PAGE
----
In her ground breaking intuitive inquiry into the psycho-spiritual impact of childhood sexual abuse (CSA) on adult women, transpersonal psychologist Jacqueline Linder (2014) described how CSA can affect a woman’s body, heart, mind, and soul for many years after she experiences the initial trauma. Indeed, survivors of this type of primal wounding frequently experience decades of chronic shame, self-loathing, and contamination of their identity, and may also develop patterns of dissociating from their bodies in order to escape their worst moments of psychological and somatic pain (Linder, 2014).
Within this essay, I argue for the added value of transpersonal psychotherapies that are rooted in spiritual traditions, and I also consider the importance of psychotherapy and counselling for individuals engaging in contemporary spiritual practices outside of spiritual traditions. I draw on examples of transpersonal therapies that are based on practices found especially within Eastern spiritual traditions, which I propose support a balanced approach to whole person development. I base my understanding on the premise that transpersonal psychotherapy aligns with the beliefs of mystical and spiritual traditions, and consists of the common goal of moving towards wholeness or a higher Self.
In this essay I will introduce the skill and practice of open awareness, outlining the phenomenology that is associated with this distinct state and mode of perception. I will describe how it can be used to counteract the serious issues that are associated with its counterpart, tunnel awareness, which is always present in the trigger events that lead to stress, anxiety, performance issues and burnout. The work will also address how open awareness skills can help to resolve the escalating problems that are associated with excessive use of mobile digital media devices, resulting in a generation of digital zombies.
The time could not be better, more auspicious, than right now to pursue an education or career in transpersonal psychology and transpersonal principles. Cultural, academic, scientific and even political shifts are taking place around the world in the areas of spirituality, happiness & well-being, holistic or integrative medicine, consciousness, the merging of science and spirituality and the recent explosive growth of interest into the therapeutic, psychological, spiritual and transformational potential of psychedelics (The Third Wave), are all converging with, or increasing the relevance of, the field of transpersonal psychology.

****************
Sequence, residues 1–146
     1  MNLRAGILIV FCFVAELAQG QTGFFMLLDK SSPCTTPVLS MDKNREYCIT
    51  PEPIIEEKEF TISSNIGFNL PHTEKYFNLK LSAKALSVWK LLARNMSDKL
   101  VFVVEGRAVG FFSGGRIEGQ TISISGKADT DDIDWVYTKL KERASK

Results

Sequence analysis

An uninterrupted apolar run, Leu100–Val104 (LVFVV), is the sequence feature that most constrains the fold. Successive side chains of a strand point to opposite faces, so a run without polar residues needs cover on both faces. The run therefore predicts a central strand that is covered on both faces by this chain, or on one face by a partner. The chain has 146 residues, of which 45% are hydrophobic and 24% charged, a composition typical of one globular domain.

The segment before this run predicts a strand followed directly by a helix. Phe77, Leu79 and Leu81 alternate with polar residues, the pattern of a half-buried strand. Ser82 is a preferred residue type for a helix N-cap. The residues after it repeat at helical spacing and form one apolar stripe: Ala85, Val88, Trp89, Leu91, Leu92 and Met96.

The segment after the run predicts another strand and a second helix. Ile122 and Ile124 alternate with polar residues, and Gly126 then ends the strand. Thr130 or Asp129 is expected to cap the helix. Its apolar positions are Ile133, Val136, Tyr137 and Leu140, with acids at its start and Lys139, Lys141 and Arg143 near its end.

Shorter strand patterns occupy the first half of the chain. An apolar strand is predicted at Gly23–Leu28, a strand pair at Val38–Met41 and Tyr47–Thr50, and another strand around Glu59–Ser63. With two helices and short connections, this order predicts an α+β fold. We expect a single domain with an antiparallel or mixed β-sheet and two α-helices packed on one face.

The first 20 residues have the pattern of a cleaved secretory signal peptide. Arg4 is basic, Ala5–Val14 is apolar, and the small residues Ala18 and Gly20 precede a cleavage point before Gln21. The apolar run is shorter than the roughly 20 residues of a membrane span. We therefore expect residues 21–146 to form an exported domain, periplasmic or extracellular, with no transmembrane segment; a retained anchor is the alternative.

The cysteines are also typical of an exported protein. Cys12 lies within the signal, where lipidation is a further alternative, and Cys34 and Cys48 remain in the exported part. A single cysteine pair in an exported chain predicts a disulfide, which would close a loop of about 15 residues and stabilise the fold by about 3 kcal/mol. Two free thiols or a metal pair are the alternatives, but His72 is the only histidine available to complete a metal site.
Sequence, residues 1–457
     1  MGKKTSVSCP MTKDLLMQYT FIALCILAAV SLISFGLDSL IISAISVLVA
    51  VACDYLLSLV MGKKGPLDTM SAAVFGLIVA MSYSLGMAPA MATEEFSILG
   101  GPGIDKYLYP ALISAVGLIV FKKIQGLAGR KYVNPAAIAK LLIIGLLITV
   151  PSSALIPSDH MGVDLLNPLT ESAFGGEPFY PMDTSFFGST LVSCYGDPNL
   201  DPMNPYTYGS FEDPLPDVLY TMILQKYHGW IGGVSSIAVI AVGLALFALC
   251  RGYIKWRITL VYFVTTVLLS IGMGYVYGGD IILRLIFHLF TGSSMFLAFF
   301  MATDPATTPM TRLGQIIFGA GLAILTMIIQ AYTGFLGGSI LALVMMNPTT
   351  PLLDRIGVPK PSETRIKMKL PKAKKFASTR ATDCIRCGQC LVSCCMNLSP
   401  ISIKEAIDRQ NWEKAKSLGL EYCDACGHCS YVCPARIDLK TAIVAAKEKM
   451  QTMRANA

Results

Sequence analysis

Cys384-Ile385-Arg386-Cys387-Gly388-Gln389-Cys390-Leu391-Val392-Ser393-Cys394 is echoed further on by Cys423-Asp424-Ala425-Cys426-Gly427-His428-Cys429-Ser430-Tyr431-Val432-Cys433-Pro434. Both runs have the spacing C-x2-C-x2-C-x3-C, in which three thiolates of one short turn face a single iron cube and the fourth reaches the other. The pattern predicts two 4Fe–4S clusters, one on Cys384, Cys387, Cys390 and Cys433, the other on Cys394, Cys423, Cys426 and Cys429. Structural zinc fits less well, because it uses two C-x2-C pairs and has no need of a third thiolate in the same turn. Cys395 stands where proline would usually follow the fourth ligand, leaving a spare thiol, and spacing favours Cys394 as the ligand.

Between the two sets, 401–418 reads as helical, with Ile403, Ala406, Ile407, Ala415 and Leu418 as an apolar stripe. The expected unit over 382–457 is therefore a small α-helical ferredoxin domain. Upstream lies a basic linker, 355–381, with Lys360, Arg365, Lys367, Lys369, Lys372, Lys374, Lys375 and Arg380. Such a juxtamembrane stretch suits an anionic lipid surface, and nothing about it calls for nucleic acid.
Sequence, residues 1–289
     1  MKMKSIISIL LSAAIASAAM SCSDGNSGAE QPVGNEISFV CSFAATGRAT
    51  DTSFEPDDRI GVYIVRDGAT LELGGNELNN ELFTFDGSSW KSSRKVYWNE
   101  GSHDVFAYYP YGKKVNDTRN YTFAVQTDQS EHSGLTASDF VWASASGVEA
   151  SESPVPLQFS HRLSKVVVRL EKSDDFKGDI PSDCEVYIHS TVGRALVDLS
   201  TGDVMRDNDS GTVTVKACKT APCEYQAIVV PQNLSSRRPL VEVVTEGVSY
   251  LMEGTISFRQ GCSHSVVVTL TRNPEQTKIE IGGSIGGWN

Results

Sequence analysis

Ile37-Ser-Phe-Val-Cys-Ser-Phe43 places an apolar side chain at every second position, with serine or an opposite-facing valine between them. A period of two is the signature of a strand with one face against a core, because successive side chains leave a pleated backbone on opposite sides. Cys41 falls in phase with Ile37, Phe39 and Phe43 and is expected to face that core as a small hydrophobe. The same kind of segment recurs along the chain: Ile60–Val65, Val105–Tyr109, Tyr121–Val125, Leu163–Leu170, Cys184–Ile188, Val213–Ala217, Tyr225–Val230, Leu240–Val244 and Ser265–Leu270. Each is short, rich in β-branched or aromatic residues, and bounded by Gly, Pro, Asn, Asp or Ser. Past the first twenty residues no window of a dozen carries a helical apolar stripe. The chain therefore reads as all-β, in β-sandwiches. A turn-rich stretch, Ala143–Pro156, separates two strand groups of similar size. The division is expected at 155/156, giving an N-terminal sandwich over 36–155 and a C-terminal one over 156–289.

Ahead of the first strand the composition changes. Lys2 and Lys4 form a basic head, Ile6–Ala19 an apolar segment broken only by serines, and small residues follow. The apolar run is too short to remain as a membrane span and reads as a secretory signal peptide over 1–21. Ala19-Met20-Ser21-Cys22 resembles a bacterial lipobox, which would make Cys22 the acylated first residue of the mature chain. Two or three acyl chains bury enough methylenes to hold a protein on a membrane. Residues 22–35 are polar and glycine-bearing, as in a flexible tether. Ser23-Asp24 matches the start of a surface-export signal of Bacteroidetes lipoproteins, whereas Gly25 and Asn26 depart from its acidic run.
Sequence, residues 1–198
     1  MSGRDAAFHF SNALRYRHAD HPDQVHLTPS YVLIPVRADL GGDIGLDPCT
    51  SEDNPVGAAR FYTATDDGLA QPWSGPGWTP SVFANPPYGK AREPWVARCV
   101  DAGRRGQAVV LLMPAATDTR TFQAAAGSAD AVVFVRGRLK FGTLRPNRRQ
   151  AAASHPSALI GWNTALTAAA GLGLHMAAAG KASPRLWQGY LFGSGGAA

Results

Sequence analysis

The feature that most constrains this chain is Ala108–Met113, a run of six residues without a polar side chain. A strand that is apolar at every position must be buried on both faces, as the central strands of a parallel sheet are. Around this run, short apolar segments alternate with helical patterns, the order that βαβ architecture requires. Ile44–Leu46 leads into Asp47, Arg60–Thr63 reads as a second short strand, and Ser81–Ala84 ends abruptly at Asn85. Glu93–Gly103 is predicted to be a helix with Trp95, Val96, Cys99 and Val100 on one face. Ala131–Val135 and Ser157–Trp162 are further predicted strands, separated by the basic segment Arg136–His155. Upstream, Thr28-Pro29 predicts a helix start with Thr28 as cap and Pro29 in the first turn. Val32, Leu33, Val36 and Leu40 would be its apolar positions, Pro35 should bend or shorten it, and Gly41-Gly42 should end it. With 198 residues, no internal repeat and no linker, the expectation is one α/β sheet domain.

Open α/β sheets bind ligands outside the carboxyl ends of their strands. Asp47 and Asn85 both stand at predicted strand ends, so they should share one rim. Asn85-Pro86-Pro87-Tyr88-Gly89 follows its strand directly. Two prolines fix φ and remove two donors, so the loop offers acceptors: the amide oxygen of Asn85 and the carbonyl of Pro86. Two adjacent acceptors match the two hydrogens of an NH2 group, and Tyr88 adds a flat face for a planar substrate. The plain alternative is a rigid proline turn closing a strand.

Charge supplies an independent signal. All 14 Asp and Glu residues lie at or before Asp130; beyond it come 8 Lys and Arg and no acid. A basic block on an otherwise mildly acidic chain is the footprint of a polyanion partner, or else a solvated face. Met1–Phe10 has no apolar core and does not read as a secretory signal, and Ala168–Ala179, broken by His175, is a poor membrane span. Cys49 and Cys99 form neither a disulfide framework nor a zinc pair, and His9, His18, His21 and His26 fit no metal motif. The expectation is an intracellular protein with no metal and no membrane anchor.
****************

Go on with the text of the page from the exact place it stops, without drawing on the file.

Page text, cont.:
In order to grasp the nature of consciousness, the scope of exploration needs to include our experience of everyday reality and the material realm, as well as the realm of the unconscious and the dynamic forces that are hidden from—yet fundamental to—consciousness. This essay explores various theories that explain the dynamics between the “outer” world, the “inner” realm and consciousness. This exploration may serve to better understand ourselves and the influences that affect our perception and behaviour. Carl Jung, from a psychoanalytical starting point, and Wolfgang Pauli, from a background in quantum physics, demonstrated the ways in which these seemingly distinct paradigms in fact frame a spectrum of various models of the nature of reality and our understanding of consciousness (Main, 2014).
On November 3, 2018, Dagmar Suissa, MSc presented A Journey of Transformation through Learning at the Beyond the Brain conference in London, UK. Ms Suissa’s research originated from her observation that there was limited research on how transformation occurs through academic online learning. Additionally, as Ms Suissa experienced her own inner transformational process as she went through Alef Trust’s MSc course in consciousness, spirituality and transpersonal psychology, she wondered if her fellow students in the MSc programme were also experiencing a similar transformation.
Modern psychiatry is in a state of crisis. 450 million people around the globe are affected by mental illness (1 in 10 adults). Looking at Europe and the U.S, over 40% of the total burden of disability is related to mental illness, and over 10 million Prozac prescriptions were issued in the first 5 years after its introduction into the pharmaceutical market (Powell, 2007). In 2013 and in England alone, over 53 million prescriptions were issued for antidepressants, a 6% increase on the previous year and a 92% increase since 2003 (Rose, 2016). The World Health Organization (WHO) estimates that each year approximately 800,000 people commit suicide, which represents a global mortality rate of one death every 40 seconds, and it is predicted that by 2020 the rate of death will increase to one every 20 seconds (WHO, 2014).
Alef Trust directors, faculty, staff, and students attended the Association for Transpersonal Psychology (ATP) 50th Anniversary Conference which was held at Asilomar Conference Grounds in Pacific Grove, California, April 12-14, 2019. The theme of the conference was “The Future of Transpersonal Psychology: Acknowledging the Past, Honoring the Present, and Envisioning the Future.”
This essay will initially suggest a definition for “sacred science” by establishing what may be understood respectively as sacred and science. Then, it will offer a view into what makes science sacred; also, critically evaluating if a modern “sacred science” is feasible, and if there is already evidence to support such idea. It will also discuss some points of view arguing against sacred science, or positing an approach that would narrow, impoverish, or limit the cooperation and creation between spirituality/religion and science.
On November 3, 2018, at the Beyond the Brain conference in London, UK, Chantal le Roux, MSc, MEd, virtually presented ‘The transformative potential of Nia as experienced by six advanced Nia instructors: An interpretive phenomenological analysis’ from her residence in Cape Town, South Africa.